Some of the events brought technology directly to pupils and students, for example with technology buses which visited a number of rural or remotely located schools to introduce students, particularly girls, to careers in ICT. Career fairs were held in community schools in rural areas, along with workshops to raise awareness among students, both male and female. Other events included competitions around the theme of ICT.
Professional women promote technology
“The girls already have the ideas and innovative spirit. We need to provide them with the tools,” said Thea Smith, Deputy Director of Communication at the Ministry of Transport, Communication and Tourism in Suriname, who was the strength behind the project in her country. This ministry, in collaboration with other ministries, the regulatory authority and telecommunication providers, decided to bring girls in their last years of secondary school to an innovation laboratory at the University of Suriname for a session where they could meet professional women working in the ICT sector. After motivational speeches by these professionals, the girls engaged in a hands-on session at the innovation laboratory. “I always thought a career in ICT would be boring, but it’s not!,” commented one girl, reflecting on the half day spent in that technology environment.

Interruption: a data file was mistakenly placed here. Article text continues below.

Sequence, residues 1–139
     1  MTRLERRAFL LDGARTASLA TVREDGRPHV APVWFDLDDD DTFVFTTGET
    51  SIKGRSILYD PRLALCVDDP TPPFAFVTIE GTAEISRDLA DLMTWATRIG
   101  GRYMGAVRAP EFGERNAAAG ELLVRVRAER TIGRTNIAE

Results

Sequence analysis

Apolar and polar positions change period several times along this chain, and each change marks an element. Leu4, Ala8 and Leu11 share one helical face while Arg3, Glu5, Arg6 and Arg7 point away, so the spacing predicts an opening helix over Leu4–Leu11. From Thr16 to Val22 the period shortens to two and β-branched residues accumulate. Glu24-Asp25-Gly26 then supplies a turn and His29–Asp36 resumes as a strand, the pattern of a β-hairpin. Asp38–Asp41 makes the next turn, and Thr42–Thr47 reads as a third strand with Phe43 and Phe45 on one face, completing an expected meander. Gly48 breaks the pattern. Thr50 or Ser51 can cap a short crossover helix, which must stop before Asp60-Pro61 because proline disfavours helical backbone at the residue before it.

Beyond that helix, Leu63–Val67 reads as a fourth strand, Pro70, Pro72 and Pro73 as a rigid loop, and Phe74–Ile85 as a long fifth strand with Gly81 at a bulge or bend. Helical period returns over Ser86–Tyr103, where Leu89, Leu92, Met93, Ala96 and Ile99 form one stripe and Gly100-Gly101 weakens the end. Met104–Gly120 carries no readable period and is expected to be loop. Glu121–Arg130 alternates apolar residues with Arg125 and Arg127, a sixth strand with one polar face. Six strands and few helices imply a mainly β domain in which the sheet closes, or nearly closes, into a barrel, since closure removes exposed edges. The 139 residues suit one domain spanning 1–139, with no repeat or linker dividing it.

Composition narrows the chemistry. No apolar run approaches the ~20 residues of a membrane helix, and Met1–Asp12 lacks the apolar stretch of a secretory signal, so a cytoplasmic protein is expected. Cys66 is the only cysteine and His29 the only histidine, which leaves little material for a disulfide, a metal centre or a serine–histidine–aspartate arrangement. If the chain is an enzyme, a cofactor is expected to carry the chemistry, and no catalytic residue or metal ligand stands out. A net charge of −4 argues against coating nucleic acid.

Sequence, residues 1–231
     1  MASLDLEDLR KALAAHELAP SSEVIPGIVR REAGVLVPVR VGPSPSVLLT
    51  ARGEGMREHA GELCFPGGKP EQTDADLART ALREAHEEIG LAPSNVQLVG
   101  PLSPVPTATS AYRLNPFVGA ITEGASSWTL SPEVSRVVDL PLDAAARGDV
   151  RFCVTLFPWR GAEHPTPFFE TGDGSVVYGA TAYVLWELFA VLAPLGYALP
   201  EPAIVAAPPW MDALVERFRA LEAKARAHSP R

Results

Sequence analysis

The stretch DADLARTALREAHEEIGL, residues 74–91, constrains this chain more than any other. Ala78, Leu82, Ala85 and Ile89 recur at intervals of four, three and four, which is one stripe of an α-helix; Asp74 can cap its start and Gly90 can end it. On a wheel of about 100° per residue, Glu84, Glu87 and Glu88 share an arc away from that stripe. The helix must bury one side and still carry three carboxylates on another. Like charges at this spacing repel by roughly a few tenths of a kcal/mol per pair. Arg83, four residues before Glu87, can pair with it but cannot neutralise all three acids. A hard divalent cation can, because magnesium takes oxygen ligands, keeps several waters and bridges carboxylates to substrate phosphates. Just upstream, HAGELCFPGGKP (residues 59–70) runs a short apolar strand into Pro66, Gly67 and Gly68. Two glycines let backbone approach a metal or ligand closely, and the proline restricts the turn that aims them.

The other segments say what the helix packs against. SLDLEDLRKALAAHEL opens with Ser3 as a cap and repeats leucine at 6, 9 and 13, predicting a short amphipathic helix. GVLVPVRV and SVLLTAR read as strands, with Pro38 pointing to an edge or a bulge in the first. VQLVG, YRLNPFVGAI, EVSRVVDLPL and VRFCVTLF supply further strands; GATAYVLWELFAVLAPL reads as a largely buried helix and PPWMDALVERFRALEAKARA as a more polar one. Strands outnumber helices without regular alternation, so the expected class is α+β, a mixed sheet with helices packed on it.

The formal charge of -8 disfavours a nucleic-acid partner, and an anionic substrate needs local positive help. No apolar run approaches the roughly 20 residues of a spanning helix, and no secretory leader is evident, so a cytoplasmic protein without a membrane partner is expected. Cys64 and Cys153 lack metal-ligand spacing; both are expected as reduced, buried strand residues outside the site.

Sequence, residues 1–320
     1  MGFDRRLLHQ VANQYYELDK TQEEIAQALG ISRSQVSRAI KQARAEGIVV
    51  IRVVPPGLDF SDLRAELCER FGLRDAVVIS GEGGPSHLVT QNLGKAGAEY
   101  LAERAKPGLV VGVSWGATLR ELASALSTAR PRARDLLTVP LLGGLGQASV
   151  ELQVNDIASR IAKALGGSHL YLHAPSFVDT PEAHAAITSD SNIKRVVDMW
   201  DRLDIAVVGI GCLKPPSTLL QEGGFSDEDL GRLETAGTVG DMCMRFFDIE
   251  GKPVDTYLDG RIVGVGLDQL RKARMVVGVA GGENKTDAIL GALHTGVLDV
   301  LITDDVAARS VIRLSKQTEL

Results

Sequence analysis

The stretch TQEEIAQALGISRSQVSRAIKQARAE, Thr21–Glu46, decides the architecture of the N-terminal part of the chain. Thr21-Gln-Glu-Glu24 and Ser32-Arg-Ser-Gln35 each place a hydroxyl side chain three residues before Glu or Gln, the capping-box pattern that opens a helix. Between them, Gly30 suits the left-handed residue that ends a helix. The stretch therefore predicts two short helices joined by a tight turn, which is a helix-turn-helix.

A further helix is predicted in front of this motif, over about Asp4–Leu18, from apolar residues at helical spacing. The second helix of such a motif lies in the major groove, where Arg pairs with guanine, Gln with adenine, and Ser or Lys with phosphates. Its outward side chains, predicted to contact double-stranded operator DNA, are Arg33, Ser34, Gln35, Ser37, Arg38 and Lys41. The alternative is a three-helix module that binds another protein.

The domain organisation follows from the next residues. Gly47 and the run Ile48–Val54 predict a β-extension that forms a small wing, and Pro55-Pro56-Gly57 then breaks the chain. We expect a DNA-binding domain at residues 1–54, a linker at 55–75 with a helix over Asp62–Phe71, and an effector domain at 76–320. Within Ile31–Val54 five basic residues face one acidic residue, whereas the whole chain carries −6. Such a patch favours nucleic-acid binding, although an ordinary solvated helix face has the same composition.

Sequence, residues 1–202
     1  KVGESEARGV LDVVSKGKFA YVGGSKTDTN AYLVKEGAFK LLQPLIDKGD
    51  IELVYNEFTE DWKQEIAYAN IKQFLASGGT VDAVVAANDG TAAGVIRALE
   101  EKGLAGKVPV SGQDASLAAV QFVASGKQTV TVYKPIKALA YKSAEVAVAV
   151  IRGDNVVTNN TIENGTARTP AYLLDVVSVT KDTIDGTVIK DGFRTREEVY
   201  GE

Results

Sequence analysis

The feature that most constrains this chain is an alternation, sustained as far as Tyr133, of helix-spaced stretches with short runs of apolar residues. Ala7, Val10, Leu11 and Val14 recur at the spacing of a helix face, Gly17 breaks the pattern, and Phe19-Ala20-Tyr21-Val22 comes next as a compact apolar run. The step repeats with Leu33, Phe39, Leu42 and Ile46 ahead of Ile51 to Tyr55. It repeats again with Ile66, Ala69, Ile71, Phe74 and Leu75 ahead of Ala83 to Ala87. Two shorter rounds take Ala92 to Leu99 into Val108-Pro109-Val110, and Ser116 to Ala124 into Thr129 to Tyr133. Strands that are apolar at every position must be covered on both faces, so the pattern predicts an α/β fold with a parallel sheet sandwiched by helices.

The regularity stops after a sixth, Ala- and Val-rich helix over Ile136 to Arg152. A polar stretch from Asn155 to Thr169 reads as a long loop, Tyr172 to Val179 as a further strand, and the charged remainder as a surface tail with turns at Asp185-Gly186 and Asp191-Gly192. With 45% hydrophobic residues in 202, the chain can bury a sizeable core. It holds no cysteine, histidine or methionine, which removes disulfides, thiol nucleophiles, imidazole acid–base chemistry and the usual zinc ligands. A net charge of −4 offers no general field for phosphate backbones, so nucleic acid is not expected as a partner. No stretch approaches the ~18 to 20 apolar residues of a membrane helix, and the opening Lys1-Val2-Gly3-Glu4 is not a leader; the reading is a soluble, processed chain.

Liberia achieves a lot with slender means
An example of an organizer who used the very little means she had to empower, inspire and reach hundreds of girls was Roberta Sonkarley in Liberia, who orchestrated a two-day event in her country. A hundred girls from several schools spent a working day at the ICT departments of various companies to learn and see the practical use of ICT. The second day started with an interactive conference and ICT career fair. A further 100 girls and young women from selected high schools and colleges went to the Ministry of Post and Telecommunications in Monrovia to learn about ICT careers. Several eminent personalities took part in an interactive conference held at the ministry, with keynote addresses delivered by Dr Frederick B. Norkeh, Liberia’s Minister of Posts and Telecommunications, and Angelique E. Weeks, Chairperson of the Liberia Telecommunications Authority. They talked about the importance of ICT in Liberia, and encouraged Internet service providers to move forward and create partnerships with the organizers to reach more girls.